Voters Aren’t Believing in Bidenomics

[ad_1]

There was little good news for President Biden in the latest Times/Siena poll of 2024 battlegrounds, which found him trailing Donald Trump in five of six key states one year before voters head to the polls. (That’s despite Trump being nearly as unpopular and fighting multiple legal battles; he is taking the stand on Monday in one of them. And, on PredictIt, which is watched by political experts, Biden holds a six-point lead on Trump.)

A glaring weakness for Biden remains the economy, despite signs that it’s doing well and efforts by the White House to promote its accomplishments. Experts say it’s still possible for the president to make a comeback — but when it comes to economic issues, that’s a tough task.

Just 2 percent of voters said the economy was excellent, the poll found. Worryingly for Biden, that discontent is being reflected in demographics crucial to his re-election: 48 percent of Black voters in the Times/Siena poll rated the economy as poor, as did 59 percent of voters under 30. Zero respondents in that age group in Arizona, Nevada and Wisconsin rated the economy as excellent.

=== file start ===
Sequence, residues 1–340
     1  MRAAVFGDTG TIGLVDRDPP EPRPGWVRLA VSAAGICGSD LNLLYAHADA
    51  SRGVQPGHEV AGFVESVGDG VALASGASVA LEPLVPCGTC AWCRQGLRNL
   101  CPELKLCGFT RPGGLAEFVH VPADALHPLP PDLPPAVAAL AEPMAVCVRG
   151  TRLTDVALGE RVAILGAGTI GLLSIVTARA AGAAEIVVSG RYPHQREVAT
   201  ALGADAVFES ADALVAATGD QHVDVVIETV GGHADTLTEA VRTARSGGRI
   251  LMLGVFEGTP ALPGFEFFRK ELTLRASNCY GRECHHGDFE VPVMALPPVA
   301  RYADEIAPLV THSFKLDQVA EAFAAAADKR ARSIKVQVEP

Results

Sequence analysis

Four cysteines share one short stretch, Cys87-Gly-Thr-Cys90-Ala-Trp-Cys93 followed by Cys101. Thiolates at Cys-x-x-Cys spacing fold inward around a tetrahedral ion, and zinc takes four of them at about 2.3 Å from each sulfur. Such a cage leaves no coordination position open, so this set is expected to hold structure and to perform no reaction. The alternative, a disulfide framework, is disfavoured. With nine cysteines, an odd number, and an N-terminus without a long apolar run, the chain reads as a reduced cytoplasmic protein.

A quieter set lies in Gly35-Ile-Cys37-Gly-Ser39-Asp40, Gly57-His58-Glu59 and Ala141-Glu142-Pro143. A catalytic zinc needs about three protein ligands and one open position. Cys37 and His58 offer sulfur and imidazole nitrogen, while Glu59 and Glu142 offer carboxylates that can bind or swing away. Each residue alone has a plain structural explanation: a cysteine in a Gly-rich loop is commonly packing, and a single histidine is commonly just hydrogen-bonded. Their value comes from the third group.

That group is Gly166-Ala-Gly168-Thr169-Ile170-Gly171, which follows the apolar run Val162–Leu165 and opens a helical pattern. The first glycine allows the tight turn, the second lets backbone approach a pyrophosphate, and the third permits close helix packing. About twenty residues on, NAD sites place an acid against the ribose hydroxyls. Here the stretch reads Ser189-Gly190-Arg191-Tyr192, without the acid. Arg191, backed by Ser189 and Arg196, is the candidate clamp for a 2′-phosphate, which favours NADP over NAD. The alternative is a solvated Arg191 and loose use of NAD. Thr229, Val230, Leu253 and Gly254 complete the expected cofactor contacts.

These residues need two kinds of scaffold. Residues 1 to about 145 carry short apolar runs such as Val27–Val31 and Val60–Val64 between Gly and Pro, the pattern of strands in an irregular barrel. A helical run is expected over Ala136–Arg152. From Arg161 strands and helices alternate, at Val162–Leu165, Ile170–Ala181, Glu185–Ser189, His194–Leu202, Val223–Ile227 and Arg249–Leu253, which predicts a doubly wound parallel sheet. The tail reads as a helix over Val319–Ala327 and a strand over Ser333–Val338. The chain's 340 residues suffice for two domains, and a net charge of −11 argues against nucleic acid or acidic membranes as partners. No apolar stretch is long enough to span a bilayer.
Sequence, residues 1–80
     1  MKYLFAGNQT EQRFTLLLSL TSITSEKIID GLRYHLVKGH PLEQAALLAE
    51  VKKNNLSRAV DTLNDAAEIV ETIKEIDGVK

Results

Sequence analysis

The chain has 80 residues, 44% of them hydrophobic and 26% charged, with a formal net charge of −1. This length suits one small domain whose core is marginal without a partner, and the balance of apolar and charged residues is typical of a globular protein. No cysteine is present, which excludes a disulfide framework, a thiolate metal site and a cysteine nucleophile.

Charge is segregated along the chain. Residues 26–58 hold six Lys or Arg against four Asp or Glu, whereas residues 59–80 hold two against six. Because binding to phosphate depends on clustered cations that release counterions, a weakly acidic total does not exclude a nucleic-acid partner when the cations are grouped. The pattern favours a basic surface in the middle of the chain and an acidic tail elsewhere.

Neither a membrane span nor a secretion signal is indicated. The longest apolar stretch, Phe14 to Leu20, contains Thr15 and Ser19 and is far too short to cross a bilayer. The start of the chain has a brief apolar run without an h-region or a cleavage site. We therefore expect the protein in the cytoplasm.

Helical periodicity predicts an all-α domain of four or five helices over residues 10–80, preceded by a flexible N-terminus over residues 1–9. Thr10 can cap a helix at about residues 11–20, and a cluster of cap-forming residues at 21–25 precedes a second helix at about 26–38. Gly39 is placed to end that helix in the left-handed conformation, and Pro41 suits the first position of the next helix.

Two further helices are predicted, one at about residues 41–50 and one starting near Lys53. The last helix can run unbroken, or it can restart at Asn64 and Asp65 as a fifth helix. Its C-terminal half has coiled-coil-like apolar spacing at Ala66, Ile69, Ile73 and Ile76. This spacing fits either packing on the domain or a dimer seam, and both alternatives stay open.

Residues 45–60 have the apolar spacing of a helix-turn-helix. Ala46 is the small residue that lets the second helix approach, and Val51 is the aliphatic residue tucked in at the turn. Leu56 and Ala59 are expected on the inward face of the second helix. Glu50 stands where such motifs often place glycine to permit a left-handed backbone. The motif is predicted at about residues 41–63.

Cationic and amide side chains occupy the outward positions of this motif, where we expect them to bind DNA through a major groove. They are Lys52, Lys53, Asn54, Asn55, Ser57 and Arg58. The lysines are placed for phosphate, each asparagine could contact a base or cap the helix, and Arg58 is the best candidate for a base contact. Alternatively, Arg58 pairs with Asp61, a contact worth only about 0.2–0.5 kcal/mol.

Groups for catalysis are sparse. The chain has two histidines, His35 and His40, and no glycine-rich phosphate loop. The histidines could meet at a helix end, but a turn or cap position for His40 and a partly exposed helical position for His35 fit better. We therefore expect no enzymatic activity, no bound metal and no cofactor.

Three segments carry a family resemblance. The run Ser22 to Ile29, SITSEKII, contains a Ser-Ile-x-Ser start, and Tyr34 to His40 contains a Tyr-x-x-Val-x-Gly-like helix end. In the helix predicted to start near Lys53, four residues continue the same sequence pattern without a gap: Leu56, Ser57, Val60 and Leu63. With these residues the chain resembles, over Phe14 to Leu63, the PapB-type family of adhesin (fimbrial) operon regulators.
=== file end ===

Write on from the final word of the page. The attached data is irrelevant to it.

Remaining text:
Biden’s struggles are Trump’s gain. Likely voters trust the former president on the economy more than the current one by wide margins: 57 percent of those under 30 prefer Trump, as do 55 percent of Hispanics, 52 percent of women and a majority of people in every income bracket.

Voters’ discontent comes despite numerous indicators that the economy is healthy, including a huge gain in third-quarter G.D.P. growth. And while Friday’s jobs data came in below expectations, the latest stats show that employers have been on a nearly three-year hiring spree.

But inflation remains a sticking point. While the Fed isn’t likely to raise borrowing costs at its next rate-setting meeting in December, its policymakers haven’t closed the door to future hikes. (Some commentators have written that the studiously apolitical central bank could end up helping Trump get re-elected.)